ARDS; brain injury; critical care; executive dysfunction; sepsis
A major challenge facing contemporary cancer educators is how to optimize the dissemination of breast cancer prevention and control information to African American women in the Deep South who are believed to be cancer free. The purpose of this research was to provide insight into the breast cancer information-acquisition experiences of African American women in Alabama and Mississippi and to make recommendations on ways to better reach members of this high-risk, underserved population.
Focus group methodology was used in a repeated, cross-sectional research design with 64 African American women, 35 years old or older who lived in one of four urban or rural counties in Alabama and Mississippi.
Axial-coded themes emerged around sources of cancer information, patterns of information acquisition, characteristics of preferred sources, and characteristics of least-preferred sources.
It is important to invest in lay health educators to optimize the dissemination of breast cancer information to African American women who are believed to be cancer free in the Deep South.
African American women; breast cancer; focus group; information acquisition
The objective of this study was to investigate risk factors associated with tuberculosis (TB) transmission that was caused by Mycobacterium tuberculosis strain MS0006 from 2004 to 2009 in Hinds County, Mississippi.
DNA fingerprinting using spoligotyping, mycobacterial interspersed repetitive unit, and IS6110-based restriction fragment length polymorphism of culture-confirmed cases of TB was performed. Clinical and demographic factors associated with strain MS0006 were analyzed by univariate and multivariate analysis.
Of the 144 cases of TB diagnosed during the study period, 117 were culture positive with fingerprints available. There were 48 different strains, of which 6 clustered strains were distributed among 74 patients. The MS0006 strain accounted for 46.2% of all culture-confirmed cases. Risk factors for having the MS0006 strain in a univariate analysis included homelessness, HIV co-infection, sputum smear negativity, tuberculin skin test negativity, and noninjectable drug use. Multivariate analysis identified homelessness (odds ratio 7.88, 95% confidence interval 2.90-21.35) and African American race (odds ratio 5.80, 95% confidence interval 1.37-24.55) as independent predictors of having TB caused by the MS0006 strain of M tuberculosis.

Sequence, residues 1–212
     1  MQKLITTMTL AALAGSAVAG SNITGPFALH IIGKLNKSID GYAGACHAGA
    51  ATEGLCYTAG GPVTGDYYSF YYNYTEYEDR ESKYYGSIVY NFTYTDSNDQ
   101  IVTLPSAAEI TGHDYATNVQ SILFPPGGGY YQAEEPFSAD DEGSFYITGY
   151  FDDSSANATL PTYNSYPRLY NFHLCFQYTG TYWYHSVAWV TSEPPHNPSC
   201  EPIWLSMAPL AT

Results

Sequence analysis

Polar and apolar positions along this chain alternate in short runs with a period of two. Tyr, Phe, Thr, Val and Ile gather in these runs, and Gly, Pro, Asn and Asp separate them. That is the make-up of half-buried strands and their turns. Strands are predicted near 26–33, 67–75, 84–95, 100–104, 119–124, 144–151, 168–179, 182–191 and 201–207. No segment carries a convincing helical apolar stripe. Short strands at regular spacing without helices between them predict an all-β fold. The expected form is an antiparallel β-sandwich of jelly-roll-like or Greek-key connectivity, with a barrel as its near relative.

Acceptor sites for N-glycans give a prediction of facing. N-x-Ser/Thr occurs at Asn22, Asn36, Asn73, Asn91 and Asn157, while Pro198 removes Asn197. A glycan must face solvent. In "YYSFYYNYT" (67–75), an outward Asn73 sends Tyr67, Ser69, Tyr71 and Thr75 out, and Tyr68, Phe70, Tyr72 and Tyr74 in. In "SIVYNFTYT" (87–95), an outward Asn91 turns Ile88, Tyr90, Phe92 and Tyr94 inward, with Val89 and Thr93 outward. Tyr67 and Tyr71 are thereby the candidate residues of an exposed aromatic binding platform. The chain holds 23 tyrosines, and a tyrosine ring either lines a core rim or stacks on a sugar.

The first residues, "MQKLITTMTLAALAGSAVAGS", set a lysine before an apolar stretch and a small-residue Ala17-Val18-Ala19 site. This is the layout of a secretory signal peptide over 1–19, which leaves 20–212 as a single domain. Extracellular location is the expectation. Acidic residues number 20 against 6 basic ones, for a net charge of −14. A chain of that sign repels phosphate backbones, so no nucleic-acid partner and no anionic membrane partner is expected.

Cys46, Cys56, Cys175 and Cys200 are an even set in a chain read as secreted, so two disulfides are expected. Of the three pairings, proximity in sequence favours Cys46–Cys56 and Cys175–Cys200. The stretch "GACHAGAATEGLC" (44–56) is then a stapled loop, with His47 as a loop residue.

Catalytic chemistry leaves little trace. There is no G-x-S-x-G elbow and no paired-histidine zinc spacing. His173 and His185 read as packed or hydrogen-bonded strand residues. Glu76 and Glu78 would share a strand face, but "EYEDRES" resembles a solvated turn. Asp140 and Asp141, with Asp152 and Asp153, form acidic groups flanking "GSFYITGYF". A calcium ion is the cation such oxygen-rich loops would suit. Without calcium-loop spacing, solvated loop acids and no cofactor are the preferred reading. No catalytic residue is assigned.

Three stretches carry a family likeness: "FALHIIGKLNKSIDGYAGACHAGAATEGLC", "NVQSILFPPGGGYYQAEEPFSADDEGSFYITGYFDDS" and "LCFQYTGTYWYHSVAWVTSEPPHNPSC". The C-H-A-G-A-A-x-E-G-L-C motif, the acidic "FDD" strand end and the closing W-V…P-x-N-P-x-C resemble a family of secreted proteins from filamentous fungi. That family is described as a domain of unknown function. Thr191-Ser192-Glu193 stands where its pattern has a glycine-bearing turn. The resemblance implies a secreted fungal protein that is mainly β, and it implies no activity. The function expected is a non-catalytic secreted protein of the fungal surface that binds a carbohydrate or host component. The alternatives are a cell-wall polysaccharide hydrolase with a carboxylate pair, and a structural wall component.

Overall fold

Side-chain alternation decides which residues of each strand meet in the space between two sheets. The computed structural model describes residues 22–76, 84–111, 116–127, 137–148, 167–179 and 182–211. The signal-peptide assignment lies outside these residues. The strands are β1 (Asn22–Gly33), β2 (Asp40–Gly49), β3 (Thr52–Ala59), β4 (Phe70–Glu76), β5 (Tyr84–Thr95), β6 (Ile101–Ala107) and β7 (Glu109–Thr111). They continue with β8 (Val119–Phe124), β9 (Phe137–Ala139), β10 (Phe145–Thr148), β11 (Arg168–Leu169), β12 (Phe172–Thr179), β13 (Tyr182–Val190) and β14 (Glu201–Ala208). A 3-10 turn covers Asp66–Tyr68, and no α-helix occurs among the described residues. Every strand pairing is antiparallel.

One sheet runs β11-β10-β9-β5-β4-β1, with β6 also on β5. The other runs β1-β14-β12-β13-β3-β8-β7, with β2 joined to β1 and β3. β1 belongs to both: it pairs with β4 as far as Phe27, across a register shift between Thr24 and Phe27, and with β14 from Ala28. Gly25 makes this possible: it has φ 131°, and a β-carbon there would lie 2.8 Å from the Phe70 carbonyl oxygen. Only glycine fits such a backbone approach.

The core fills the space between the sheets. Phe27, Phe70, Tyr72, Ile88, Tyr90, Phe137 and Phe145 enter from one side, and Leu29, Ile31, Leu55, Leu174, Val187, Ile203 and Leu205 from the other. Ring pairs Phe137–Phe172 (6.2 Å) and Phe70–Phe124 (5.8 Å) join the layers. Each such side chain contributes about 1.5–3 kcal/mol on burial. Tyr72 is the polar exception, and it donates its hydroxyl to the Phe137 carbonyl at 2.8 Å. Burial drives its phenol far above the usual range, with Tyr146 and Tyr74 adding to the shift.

Our findings suggest that a majority of recently transmitted TB in the studied county was caused by the MS0006 strain. African American race and homelessness were significant risk factors for inclusion in the cluster. Molecular epidemiology techniques continue to provide in-depth analysis of disease transmission and play a vital role in effective contact tracing and interruption of ongoing transmission.
tuberculosis; HIV; Mississippi; homeless; molecular epidemiology
The benefit of improved health outcomes for blacks receiving highly active antiretroviral therapy (HAART) lags behind that of whites. This project therefore sought to determine whether the reason for this discrepancy in health outcomes could be attributed to disparities in use of antiretroviral therapy between black and white patients with HIV.
Materials and Methods
The 1996–2006 National Hospital Ambulatory Medical Care Surveys were used to identify hospital outpatient visits that documented antiretrovirals. Patients younger than 18 years, of nonblack or nonwhite race, and lacking documentation of antiretrovirals were excluded. A multivariable logistic regression model was constructed with race as the independent variable and use of HAART as the dependent variable.
Approximately 3 million HIV/AIDS patient visits were evaluated. Blacks were less likely than whites to use HAART and protease inhibitors (odds ratio, 95% CI 0.81 [0.81–0.82] and 0.67 [0.67–0.68], respectively). More blacks than whites used non-nucleoside reverse transcriptase inhibitors (odds ratio, 95% CI 1.18 [1.17–1.18]). In 1996, the crude rates of HAART were relatively low for both black and white cohorts (5% vs 6%). The rise in HAART for blacks appeared to lag behind that of whites for several years, until 2002, when the proportion of blacks receiving HAART slightly exceeded the proportion of whites receiving HAART. In later years, the rates of HAART were similar for blacks and whites (81% vs 82% in 2006). Blacks appeared less likely than whites to use protease inhibitors and more likely than whites to use non-nucleoside reverse transcriptase inhibitors from 2000 to 2004.